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Regarding the F-word: The effects of data filtering on inferred genotype-environment associations

Citation

Ahrens, CW and Jordan, R and Bragg, J and Harrison, PA and Hopley, T and Bothwell, H and Murray, K and Steane, DA and Whale, JW and Byrne, M and Andrew, R and Rymer, PD, Regarding the F-word: The effects of data filtering on inferred genotype-environment associations, Molecular Ecology Resources pp. 1-15. ISSN 1755-098X (2021) [Refereed Article]

Copyright Statement

2021 John Wiley & Sons

DOI: doi:10.1111/1755-0998.13351

Abstract

Genotype-environment association (GEA) methods have become part of the standard landscape genomics toolkit, yet, we know little about how to best filter genotype-by-sequencing data to provide robust inferences for environmental adaptation. In many cases, default filtering thresholds for minor allele frequency and missing data are applied regardless of sample size, having unknown impacts on the results, negatively affecting management strategies. Here, we investigate the effects of filtering on GEA results and the potential implications for assessment of adaptation to environment. We use empirical and simulated data sets derived from two widespread tree species to assess the effects of filtering on GEA outputs. Critically, we find that the level of filtering of missing data and minor allele frequency affect the identification of true positives. Even slight adjustments to these thresholds can change the rate of true positive detection. Using conservative thresholds for missing data and minor allele frequency substantially reduces the size of the data set, lessening the power to detect adaptive variants (i.e., simulated true positives) with strong and weak strengths of selection. Regardless, strength of selection was a good predictor for GEA detection, but even some SNPs under strong selection went undetected. False positive rates varied depending on the species and GEA method, and filtering significantly impacted the predictions of adaptive capacity in downstream analyses. We make several recommendations regarding filtering for GEA methods. Ultimately, there is no filtering panacea, but some choices are better than others, depending on the study system, availability of genomic resources, and desired objectives.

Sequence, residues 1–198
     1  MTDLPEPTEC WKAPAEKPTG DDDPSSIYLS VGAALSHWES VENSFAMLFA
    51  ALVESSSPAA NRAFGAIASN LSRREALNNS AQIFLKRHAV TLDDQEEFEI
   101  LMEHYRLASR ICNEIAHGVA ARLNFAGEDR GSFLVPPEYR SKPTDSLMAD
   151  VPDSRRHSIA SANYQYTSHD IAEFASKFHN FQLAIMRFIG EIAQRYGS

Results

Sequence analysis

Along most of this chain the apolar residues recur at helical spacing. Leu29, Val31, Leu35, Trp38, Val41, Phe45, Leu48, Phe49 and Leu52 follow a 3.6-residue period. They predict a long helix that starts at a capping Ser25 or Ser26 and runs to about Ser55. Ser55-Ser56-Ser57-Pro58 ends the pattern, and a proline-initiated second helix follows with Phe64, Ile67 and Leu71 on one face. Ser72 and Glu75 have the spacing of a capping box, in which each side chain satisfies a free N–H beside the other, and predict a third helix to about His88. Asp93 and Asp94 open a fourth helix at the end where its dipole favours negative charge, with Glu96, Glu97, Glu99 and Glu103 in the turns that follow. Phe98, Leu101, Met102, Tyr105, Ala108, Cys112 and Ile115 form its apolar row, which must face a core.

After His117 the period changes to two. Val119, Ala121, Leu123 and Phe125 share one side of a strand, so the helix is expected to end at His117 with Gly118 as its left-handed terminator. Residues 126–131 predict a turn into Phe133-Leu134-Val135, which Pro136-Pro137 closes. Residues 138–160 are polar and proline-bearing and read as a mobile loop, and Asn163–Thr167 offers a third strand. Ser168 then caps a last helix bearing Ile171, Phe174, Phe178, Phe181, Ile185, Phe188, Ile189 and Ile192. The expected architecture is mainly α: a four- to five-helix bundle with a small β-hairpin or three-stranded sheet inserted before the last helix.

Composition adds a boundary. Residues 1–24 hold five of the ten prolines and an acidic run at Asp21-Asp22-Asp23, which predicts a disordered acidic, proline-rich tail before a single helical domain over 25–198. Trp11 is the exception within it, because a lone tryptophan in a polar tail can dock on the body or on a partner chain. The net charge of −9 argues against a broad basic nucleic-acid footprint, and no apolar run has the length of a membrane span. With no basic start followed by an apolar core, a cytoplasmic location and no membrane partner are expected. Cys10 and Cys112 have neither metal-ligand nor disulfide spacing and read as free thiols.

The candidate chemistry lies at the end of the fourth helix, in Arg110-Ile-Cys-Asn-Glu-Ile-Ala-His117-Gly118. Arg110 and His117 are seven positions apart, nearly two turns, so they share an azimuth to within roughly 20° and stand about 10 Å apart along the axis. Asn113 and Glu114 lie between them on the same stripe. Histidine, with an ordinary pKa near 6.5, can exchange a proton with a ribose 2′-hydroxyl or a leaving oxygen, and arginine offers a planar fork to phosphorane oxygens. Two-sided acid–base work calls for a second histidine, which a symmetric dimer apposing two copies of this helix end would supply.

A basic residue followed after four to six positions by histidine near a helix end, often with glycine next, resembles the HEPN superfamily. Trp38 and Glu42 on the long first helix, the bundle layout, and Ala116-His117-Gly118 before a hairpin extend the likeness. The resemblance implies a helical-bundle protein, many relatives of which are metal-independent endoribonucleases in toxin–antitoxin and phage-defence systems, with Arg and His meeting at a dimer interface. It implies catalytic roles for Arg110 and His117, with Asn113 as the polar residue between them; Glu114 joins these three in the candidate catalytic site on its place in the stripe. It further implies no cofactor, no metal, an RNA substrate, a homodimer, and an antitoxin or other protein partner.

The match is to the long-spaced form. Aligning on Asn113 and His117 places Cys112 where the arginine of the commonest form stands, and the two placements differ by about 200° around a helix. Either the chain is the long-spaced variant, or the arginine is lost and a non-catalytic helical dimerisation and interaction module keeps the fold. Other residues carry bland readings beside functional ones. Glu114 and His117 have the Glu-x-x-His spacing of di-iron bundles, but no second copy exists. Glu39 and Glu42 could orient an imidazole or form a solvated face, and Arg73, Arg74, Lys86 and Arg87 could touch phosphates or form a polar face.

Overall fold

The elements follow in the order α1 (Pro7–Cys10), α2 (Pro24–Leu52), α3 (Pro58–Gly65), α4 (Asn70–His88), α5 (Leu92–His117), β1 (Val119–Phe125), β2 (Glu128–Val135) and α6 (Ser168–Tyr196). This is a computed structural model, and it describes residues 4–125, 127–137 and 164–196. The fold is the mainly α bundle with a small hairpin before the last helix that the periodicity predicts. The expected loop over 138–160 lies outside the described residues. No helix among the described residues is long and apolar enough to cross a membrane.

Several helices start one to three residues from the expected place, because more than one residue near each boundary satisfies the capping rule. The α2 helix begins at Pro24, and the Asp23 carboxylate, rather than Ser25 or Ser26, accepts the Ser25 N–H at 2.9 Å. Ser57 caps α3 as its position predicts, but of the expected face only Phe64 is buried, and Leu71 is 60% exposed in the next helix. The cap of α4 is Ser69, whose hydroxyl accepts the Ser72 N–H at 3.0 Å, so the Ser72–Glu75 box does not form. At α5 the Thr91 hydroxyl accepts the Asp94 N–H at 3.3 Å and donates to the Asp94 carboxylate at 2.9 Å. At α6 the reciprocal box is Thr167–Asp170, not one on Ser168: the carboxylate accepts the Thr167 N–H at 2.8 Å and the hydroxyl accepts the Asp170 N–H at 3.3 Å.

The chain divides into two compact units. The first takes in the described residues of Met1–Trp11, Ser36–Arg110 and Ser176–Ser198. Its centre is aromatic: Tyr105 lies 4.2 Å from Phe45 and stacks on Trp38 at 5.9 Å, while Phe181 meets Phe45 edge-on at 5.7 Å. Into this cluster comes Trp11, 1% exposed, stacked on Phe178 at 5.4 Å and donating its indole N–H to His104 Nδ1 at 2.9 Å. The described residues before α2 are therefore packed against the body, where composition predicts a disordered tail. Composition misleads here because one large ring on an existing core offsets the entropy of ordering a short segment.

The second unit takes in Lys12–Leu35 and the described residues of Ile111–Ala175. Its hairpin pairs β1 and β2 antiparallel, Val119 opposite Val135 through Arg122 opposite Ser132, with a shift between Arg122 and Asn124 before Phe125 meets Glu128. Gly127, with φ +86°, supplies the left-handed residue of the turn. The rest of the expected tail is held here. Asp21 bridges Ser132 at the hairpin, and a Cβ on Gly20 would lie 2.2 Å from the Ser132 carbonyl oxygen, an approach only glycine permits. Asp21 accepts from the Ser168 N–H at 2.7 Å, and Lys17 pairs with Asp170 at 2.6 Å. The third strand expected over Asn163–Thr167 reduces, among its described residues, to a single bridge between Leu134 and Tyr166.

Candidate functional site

Item Details

Item Type:Refereed Article
Keywords:climate adaptation, Eucalyptus, GEA, genome sequencing, genomic simulation, reduced representation, SNP analysis
Research Division:Biological Sciences
Research Group:Other biological sciences
Research Field:Other biological sciences not elsewhere classified
Objective Division:Environmental Management
Objective Group:Other environmental management
Objective Field:Other environmental management not elsewhere classified
UTAS Author:Harrison, PA (Dr Peter Harrison)
UTAS Author:Steane, DA (Dr Dorothy Steane)
ID Code:143907
Year Published:2021
Web of Science® Times Cited:7
Deposited By:Plant Science
Deposited On:2021-04-09
Last Modified:2022-08-19
Downloads:0

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